Some audience comments…

"A fabulous, dynamic speaker--great voice & delivery. Very entertaining."

"Fantastic presentation by a man who really loved his special cousin. Looking forward so much to buying this book."

"Terrific. A fascinating program."

"Thank you for sharing your story & family history. You are a very talented writer. Aloha!"


- SYNOPSIS -

Imagine that you have stumbled upon a family secret—a relative in exile that no one has ever spoken about. Intrigued, you meet that relative, a Portuguese cousin, and spend the next seventeen years, until her death, getting to know the circumstances of her life, her struggles and her quiet achievements.

Such was the case when Honolulu-born writer Lorenzo DeStefano learned from his mother about Olivia Robello Breitha. Diagnosed with leprosy at Kalihi Hospital in 1934, when she was eighteen, Olivia spent the next seventy-two years of her life as a “parolee” (#3306) of the Hawaii State Department of Health. Seventy years of that she spent as a resident of Kalaupapa, the settlement on Moloka’i where Father Damien ministered to Hansen’s Disease patients starting in 1873.

“Visitations”, the memoir DeStefano has written about Olivia and their discovery of each other as relatives and friends, celebrates his cousin as a shining example of triumph over adversity, and is a fascinating story in itself.


Olivia Robello Breitha (1916-2006), grew up in a tight-knit, hardworking Portuguese community on Kaua’i,
a place where family pride and the magnetic pull of assimilation often clashed.
People kept anything potentially embarrassing locked tightly in the closet.
If word got out that someone in the family had contracted such a dreaded disease it would have negative effects on their social standing, the way they were treated at work, at school, even in church.


As someone born and raised in Hawai’i, Lorenzo DeStefano was thirty-seven before he learned he had a cousin with Hansen’s disease, known to the world as leprosy. By the time he met Olivia in 1989, the antiquated rules surrounding “the separation sickness” had largely vanished.
In the seventeen years that they were able to share, this tough, razor-witted lady taught DeStefano more about humanity than he could have ever gotten from any university degree in the subject. She was a woman for whom truth was an emotion and candor an essential card in her deck. She doled out both in measured degrees.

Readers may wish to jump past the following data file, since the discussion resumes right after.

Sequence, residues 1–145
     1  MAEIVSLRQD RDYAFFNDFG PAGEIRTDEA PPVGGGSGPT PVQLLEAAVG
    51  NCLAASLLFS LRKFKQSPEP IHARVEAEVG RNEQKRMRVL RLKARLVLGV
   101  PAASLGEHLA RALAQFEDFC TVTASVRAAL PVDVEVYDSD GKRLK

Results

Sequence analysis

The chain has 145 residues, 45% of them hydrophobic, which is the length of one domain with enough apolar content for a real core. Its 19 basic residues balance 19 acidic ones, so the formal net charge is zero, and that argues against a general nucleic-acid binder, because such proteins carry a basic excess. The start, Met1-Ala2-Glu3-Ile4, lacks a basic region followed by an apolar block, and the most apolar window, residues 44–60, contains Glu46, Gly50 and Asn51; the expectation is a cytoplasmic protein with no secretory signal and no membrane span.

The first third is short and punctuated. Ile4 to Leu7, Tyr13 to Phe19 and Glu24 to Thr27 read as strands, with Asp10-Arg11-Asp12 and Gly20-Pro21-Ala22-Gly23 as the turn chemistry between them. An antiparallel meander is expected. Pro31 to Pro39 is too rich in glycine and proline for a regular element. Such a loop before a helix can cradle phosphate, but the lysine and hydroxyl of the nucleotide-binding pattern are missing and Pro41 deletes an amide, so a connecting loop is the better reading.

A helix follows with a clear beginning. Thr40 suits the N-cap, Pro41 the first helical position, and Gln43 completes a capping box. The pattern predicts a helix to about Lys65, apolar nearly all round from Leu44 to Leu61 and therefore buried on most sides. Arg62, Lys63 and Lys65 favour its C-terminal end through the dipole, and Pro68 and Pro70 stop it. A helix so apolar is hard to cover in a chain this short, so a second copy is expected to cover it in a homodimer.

It was through Olivia’s 1988 memoir, “Olivia-My Life of Exile in Kalaupapa”, that her cousin and thousands of others began to finally appreciate the reality of people used to being disdained, avoided and scorned as “lepers”.
Olivia realized that this word will never completely disappear from use. She also knew that it was extremely important to draw attention to the historical attitudes that have caused like words and attitudes to be accepted in common parlance for far too long.
Like so many other labels whose purpose is to exclude people by invoking their color, religion, sexual orientation or, in this case, their medical condition, the word “leper” perpetuates harmful stereotypes and robs people of their rights as individuals.

Olivia’s slim but highly influential book, in print for nearly 25 years, chronicles her childhood in Hawai’i’, her medical history, and her life as a social activist on behalf of the much-misunderstood disease.
She writes with passion of her struggle and, by extension, the struggles of thousands of others against centuries of stigma and fear.

Lorenzo DeStefano explores in “Visitations” the compelling threads of his own family’s history. He shares with readers what lay hidden there, waiting to be uncovered. In the process he encountered and came to love a singularly unforgettable person by the name of Olivia.

VISITATIONS – Finding A Secret Relative In Modern-Day Hawai’i”
by Lorenzo DeStefano

www.visitationsmemoir.com / info@visitationsmemoir.com
(805) 641-3845 / 805 302-2480


© / all rights reserved Lorenzo DeStefano